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Population Aging, Credit Market Frictions, and Chinese Economic Growth

Author

Listed:
  • Michael Dotsey
  • Wenli Li
  • Fang Yang

Abstract

We build a unified framework to quantitatively examine population aging and credit market frictions in contributing to Chinese economic growth between 1977 and 2014. We find that demographic changes together with endogenous human capital accumulation account for a large part of the rise in per capita output growth, especially after 2007, as well as some of the rise in savings. Credit pol-icy changes initially alleviate the capital misallocation between private and public firms and lead to significant increases in both savings and output growth. Later, they distort capital allocation. While contributing to further increase in savings, the distortion slows down economic growth. Among factors that we consider, increased life expectancy and financial development in the form of reduced inter-mediation cost are the most important in driving the dynamics of savings and growth.

Suggested Citation

  • Michael Dotsey & Wenli Li & Fang Yang, 2019. "Population Aging, Credit Market Frictions, and Chinese Economic Growth," Working Papers 19-55, Federal Reserve Bank of Philadelphia, revised 20 Dec 2019.
  • Handle: RePEc:fip:fedpwp:86688
    DOI: 10.21799/frbp.wp.2019.55
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    File URL: https://philadelphiafed.org/-/media/research-and-data/publications/working-papers/2019/wp19-55.pdf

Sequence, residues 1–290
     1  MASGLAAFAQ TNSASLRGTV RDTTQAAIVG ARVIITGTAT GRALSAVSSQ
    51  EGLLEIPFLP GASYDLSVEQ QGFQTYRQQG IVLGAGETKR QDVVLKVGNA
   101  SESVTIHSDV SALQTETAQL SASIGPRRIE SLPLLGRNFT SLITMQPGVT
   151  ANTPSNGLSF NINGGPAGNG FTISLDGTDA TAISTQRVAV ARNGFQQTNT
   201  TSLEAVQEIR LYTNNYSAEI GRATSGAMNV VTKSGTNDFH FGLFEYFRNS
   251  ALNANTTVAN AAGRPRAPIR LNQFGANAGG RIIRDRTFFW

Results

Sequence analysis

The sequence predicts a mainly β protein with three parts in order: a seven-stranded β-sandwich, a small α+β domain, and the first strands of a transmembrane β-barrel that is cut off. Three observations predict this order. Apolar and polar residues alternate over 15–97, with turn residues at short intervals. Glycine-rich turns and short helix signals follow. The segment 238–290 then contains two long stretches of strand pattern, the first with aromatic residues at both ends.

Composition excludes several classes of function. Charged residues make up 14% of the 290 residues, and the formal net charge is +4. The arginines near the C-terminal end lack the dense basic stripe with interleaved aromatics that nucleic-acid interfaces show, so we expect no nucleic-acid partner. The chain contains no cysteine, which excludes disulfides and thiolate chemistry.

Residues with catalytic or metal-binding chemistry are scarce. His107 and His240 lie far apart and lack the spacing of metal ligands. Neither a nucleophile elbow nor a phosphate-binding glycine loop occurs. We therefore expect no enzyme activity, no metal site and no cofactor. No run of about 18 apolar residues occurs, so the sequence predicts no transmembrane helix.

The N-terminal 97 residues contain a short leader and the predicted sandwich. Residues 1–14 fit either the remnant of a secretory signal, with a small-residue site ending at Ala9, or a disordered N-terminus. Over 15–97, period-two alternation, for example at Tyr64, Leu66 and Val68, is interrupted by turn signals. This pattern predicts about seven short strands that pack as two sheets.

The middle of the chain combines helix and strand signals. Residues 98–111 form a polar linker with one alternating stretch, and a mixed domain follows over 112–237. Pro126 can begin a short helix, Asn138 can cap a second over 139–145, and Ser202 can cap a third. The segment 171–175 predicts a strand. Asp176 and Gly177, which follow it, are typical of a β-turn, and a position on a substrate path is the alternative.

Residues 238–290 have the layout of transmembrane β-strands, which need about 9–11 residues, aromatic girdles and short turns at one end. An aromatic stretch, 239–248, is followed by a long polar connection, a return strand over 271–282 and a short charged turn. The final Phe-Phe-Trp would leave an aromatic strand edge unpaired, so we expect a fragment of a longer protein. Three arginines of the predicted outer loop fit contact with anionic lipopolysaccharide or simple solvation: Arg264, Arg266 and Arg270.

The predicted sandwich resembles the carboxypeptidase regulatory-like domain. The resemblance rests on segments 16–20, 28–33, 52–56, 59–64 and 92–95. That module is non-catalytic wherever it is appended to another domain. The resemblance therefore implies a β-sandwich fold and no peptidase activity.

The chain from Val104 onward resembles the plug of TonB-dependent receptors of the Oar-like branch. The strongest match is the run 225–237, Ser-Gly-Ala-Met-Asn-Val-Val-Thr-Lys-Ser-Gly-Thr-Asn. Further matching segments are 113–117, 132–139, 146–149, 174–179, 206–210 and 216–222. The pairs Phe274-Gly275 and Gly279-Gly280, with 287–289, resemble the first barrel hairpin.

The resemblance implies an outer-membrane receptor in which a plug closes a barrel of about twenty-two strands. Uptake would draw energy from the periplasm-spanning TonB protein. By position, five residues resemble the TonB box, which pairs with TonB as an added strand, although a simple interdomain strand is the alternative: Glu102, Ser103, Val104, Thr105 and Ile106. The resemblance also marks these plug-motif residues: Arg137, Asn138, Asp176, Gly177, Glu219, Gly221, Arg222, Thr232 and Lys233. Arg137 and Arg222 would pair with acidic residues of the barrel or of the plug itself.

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    Blog mentions

    As found by EconAcademics.org, the blog aggregator for Economics research:
    1. Two papers on Chinese Growth
      by Christian Zimmermann in NEP-DGE blog on 2020-01-20 20:44:55

    More about this item

    Keywords

    Output growth; Household saving; Credit policy; China; Aging;

    JEL classification:

    • L52 - Industrial Organization - - Regulation and Industrial Policy - - - Industrial Policy; Sectoral Planning Methods
    • J11 - Labor and Demographic Economics - - Demographic Economics - - - Demographic Trends, Macroeconomic Effects, and Forecasts
    • E21 - Macroeconomics and Monetary Economics - - Consumption, Saving, Production, Employment, and Investment - - - Consumption; Saving; Wealth
    • J13 - Labor and Demographic Economics - - Demographic Economics - - - Fertility; Family Planning; Child Care; Children; Youth

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